SUMMERVILLE, S.C. (WCBD) – A South Carolina family caught a meteor entering Earth’s atmosphere on their doorbell video camera early Thursday morning. The video, provided by the Giltner family, was taken around 12:42 a.m.
The meteor was likely part of the Eta Aquarids Meteor Shower, which is debris from Halley’s Comet. It is the sister-shower of the Orionid Meteor Shower, which takes place in October. The showers are a result of the Earth passing through the path of Halley’s Comet.
NASA reports that the Eta Aquarids shower is usually active between April 19 and May 28 each year. According to timeanddate.com, the peak viewing time in Charleston was between May 5 and 6.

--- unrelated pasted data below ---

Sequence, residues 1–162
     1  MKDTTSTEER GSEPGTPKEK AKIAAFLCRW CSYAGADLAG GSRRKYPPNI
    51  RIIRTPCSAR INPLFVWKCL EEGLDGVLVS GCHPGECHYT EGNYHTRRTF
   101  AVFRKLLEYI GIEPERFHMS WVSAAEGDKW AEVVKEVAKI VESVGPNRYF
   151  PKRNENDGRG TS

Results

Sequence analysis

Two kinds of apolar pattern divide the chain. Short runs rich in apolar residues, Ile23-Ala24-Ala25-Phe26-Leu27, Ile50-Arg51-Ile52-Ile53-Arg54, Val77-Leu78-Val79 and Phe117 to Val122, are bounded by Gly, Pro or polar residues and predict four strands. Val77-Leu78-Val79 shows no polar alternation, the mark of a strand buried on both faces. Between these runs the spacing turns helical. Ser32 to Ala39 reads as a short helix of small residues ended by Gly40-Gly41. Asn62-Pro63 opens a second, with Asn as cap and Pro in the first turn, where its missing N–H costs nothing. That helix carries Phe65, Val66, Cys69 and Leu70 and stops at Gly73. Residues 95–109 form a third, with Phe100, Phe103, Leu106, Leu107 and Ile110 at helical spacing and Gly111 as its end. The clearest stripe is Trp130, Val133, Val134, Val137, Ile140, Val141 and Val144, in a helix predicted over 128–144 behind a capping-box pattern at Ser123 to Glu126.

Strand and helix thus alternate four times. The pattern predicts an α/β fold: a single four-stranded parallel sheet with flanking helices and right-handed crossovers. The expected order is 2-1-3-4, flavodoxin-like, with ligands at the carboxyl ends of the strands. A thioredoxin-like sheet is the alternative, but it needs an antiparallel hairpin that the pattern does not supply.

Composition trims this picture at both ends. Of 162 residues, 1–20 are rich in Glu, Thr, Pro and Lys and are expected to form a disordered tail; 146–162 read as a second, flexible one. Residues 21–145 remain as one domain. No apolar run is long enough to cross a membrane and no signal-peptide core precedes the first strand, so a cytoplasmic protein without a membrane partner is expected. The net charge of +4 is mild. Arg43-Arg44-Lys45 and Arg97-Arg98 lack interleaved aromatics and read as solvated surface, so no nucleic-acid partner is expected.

The meteors generally travel at about 148,000 mph, according to NASA. The “glow” that we see is caused by fast moving “incandescent bits of debris in the wake of the meteor.”
NASA suggests finding an area away from the city and street lights for the best viewing. To find out more about peak times in your area, click here.